Companies are being urged to ensure that data protection officers are given the right support – and adequate training – following a damning report into the practices at Warwick University amid claims that its DPO kept multiple data breaches secret from both students and staff.
The first breach is said to have occurred last year, when a staff member installed remote-viewing software enabling hackers to steal sensitive personal information on students, staff and even volunteers taking part in research studies.
In an internal report – seen by Sky News – the university admitted that cyber security protections were so poor that it was impossible to identify what data had been stolen. Sky News claims “several sources” have insisted this was just one of multiple data breaches which have taken place at Warwick, whose motto is mens agitat molem (mind moves matter).
However, mind certainly did move matter for Warwick’s registrar and executive lead for data protection, Rachel Sandby-Thomas.
It is claimed that not only did she fail to inform any of the individuals or research bodies about these breaches or the risks they were exposed to, she also tried to block a “voluntary” audit by the Information Commissioner’s Office.
However, she was informed that the alternative to a voluntary audit was a “compulsory less friendly one”.
Sky News alleges that during the final meeting with the ICO, the regulator recommended that Sandby-Thomas should be removed as chair of the university’s data protection privacy group, saying it should instead should be chaired by someone with data protection expertise.
The university told Sky News: “The registrar fully agreed with the report’s finding that we should give those areas of responsibility to someone with a specialist skill set and experience.”
Despite not having this “specialist skill set and experience”, Sandby-Thomas had been the executive lead for IT and data protection at the university since 2016; she has now stepped down.
The university confirmed: “As previous structures clearly did not deliver all the change and improvements we had sought in this area, it is no surprise that we also sought to change and improve these structures. We have therefore introduced two new committees to provide enhanced oversight and advice which bring in a wealth of talent including one of Europe’s leading cyber security professors.”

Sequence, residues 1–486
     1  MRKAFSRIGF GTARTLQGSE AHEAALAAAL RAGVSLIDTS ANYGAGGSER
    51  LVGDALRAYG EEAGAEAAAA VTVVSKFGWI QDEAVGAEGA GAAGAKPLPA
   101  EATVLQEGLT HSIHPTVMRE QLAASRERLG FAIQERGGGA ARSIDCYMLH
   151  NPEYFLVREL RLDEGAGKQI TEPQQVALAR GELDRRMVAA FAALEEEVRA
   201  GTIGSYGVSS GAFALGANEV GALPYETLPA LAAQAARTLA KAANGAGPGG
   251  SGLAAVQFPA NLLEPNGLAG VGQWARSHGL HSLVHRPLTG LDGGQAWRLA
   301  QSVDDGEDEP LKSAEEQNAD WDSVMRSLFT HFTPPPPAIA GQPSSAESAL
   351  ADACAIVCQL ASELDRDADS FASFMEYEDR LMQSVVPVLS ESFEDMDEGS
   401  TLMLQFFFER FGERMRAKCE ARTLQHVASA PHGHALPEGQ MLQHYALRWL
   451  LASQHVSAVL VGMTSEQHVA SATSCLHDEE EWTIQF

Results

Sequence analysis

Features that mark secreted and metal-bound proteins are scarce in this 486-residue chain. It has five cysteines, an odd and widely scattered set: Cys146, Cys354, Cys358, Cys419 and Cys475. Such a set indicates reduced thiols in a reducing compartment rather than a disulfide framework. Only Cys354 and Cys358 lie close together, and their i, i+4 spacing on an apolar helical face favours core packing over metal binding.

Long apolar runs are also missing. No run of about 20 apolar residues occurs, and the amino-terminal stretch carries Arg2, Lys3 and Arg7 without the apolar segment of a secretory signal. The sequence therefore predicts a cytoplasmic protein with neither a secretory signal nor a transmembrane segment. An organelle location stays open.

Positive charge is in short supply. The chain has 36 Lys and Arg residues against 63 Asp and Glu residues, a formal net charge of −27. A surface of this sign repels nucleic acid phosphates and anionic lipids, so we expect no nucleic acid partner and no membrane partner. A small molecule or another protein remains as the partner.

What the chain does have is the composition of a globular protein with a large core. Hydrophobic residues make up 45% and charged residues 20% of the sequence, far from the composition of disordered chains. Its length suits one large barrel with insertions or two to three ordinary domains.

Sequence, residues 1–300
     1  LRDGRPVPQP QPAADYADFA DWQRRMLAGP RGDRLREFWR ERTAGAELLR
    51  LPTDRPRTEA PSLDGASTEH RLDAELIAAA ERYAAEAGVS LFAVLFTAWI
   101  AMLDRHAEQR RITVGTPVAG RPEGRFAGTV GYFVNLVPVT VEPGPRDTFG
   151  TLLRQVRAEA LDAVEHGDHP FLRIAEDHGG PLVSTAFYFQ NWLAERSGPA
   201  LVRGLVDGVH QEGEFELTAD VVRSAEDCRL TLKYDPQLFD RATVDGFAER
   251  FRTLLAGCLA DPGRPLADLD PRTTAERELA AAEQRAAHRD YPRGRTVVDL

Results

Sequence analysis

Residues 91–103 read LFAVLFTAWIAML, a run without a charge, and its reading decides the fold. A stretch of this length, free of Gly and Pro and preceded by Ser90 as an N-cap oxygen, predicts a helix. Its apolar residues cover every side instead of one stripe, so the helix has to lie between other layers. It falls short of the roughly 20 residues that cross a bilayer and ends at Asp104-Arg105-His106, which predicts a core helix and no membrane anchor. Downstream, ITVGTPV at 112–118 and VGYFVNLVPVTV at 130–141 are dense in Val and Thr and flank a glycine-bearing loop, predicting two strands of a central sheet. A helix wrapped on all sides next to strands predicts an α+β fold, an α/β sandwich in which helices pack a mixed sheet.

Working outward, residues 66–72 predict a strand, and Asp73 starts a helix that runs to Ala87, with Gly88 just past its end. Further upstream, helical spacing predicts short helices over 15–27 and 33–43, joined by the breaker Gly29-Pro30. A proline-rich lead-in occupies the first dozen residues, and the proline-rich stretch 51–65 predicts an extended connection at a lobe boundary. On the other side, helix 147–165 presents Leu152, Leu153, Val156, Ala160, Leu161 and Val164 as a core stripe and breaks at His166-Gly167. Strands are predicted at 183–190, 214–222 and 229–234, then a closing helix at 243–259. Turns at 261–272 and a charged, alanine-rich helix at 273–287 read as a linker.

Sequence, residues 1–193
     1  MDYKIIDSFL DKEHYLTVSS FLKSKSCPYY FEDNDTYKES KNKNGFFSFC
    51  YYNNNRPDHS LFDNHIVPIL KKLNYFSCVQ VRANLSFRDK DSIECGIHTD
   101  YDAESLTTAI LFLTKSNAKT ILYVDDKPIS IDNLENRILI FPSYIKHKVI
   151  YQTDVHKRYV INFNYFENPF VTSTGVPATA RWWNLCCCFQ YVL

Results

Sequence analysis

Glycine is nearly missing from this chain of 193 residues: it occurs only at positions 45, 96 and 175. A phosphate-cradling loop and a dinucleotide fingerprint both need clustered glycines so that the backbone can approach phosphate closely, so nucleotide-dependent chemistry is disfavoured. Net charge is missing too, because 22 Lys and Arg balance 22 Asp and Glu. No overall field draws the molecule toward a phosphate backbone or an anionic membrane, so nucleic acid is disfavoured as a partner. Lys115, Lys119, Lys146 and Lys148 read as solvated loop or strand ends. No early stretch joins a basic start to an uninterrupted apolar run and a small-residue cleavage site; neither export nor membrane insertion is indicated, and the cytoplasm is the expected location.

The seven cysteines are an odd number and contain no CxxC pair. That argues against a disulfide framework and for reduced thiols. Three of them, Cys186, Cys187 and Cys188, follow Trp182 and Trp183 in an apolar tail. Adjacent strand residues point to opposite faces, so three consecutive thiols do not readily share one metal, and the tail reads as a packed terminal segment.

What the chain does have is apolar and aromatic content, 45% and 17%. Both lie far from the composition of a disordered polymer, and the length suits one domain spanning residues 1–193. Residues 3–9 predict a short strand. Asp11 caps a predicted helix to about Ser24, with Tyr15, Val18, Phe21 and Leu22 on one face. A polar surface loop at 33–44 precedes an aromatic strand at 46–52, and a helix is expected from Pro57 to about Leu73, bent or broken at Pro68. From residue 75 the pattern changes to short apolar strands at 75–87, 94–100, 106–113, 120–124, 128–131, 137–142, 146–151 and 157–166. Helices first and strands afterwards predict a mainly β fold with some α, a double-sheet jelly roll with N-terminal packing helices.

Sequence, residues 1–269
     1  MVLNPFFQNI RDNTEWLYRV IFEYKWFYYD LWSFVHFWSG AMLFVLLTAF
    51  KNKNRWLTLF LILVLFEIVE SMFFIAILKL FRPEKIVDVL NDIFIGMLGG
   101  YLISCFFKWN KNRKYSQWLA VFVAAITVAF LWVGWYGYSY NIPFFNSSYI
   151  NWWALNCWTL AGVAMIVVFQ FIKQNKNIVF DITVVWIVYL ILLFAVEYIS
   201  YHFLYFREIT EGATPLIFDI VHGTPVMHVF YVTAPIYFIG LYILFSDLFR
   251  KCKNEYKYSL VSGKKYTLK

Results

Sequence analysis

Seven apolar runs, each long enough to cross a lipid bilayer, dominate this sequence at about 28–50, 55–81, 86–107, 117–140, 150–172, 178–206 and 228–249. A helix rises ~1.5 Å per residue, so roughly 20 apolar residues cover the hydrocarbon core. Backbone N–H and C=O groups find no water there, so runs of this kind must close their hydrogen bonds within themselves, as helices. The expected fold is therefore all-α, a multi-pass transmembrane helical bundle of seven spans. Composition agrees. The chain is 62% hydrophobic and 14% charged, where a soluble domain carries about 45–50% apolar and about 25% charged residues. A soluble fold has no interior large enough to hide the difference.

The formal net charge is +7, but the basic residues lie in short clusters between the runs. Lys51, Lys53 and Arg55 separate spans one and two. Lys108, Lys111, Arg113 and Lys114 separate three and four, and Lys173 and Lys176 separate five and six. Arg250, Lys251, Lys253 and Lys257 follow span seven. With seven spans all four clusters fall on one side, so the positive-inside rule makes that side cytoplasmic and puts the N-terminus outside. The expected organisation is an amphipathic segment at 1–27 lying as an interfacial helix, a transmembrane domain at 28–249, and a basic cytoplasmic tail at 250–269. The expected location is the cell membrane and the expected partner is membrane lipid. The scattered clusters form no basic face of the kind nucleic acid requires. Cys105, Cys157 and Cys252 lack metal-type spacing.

A new chief information and digital officer, who reports directly to the vice chancellor, has also been hired.
The university told Sky News: “We have also unsurprisingly, and for the same reasons, made changes to the operation and focus of the management and administrative team for that area of work, but all of those staff remain employed by the university.”
In 2018, the ICO issued a £385,000 penalty to Uber for “avoidable data security flaws” that had allowed the personal details of UK customers to be accessed; the ruling also blasted the company’s deliberate attempt to cover up the breach. It is not known whether Warwick will now face a fine.
One data protection expert said: “In the run-up to GDPR, suddenly there was a huge rush to appoint data protection officers and this case shows that Warwick – one of the top universities in the country – got it badly wrong. But to blame one individual is harsh, as we simply don’t know how much support or training she had had. The real lesson from this, is to ensure your organisation does not end up in the same boat.
“Many organisations might think they have GDPR ‘sorted’, but it is not a one-off; it requires regular training. That might be taking a backseat in the current climate but it is still crucial for the future of any business.”
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